Three Associated Students presidential hopefuls gathered in the Hub on Tuesday for their second round of debates.
Gauchoholic candidate Maggie Stack, Campus Engagement Group candidate Paul Riley and Student Affairs Coalition candidate Chrystine Lawson said they would discuss some of their differences though the three candidates shared similar views on what needs to be done to better the community. Candidate Chris Hook was absent.
Riley said safety is a big issue in the coming election and that through education, an ideal level of safety in I.V. and at UCSB can be attained.
“We need to work together to maintain a level of safety, a level of respect,” he said. “I want each and every one of you to feel safe not just in the streets, but in your home.”
Stack held a similar view, stressing the importance of education.
“As usual, lighting is imperative, sidewalks are key,” she said. “To reach the amount of safety we all deserve, education of the community is key.”
Lawson, who agreed with the other two on safety, also brought up the ever-present housing issue.
“Housing affects each and every one of us here at UCSB, as well as … safety in I.V.,” Lawson said. “Safety needs to come through increased lighting and initially through education of everyone here at UCSB.”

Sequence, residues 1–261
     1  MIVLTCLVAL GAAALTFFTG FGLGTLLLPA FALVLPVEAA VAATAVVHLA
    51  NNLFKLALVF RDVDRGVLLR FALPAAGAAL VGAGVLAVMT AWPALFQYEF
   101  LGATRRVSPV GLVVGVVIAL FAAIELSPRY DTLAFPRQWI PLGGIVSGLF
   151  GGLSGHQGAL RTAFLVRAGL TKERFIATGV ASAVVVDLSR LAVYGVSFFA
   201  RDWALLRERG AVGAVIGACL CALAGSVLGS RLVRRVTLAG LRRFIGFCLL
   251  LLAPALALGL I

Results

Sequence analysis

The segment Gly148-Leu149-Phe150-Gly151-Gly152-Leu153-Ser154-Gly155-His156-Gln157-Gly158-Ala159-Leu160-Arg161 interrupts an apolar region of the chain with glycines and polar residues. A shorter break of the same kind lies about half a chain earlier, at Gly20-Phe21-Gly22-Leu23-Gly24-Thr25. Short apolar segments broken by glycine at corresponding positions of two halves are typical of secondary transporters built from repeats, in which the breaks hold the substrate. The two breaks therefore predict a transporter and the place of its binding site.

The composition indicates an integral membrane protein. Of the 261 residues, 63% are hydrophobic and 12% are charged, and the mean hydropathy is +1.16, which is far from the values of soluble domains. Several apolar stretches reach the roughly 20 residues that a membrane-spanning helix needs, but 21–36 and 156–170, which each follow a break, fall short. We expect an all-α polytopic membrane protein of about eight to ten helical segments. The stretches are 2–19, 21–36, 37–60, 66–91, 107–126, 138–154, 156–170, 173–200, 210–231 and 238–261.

Stack has worked as chair for Public Safety, an advisory board within UCSB, as well as with the local Planned Parenthood, and said these experiences give her an attribute that sets her apart from the other candidates.
“I have more A.S. experience than anyone else up here,” she said. “A.S. works for the diverse student body here at UCSB, and I will make that my goal this coming year.”
Riley has served in the past on the Community Affairs Board.
“I am a representative of the whole student voice,” Riley said, when asked what would be his best quality as A.S. president. “The diverse group that makes up UCSB must be represented by someone who has interacted with all of them, and that someone is me.”
The third candidate, Lawson, has been part of the Campus Labor Action Coalition and the Student Commission on Racial Equality. Her active involvement in campus and community issues is what she said sets her apart.
“I am the most intricately and actively involved with the students, the faculty and the community as a whole,” Lawson said.
All candidates said they plan to continue what they are currently involved in to better the campus and the community, regardless of the outcome of the election.
Riley said he plans to continue working with the Community Affairs Board and with students on campus issues.
“I will continue to work with the students and with the students’ issues,” Riley said.
Lawson stressed continued involvement in the issues of UCSB students as well as those of all local residents.
“Regardless of who wins there is still a lot to do,” Lawson said. “And doing what needs to be done is our venue as students.”
Independent candidate Chris Hook said that he did not attend the rally because he was not confident in the event’s efficacy. He charged that that parties such as the Gauchoholics and SAC dominate the forum and introduce “loaded” questions for candidates to answer.
“I felt that my time was better used passing out fliers and talking to students because of the low turnout first debate,” Hook said. “It’s not a forum that allows candidates to challenge one another.”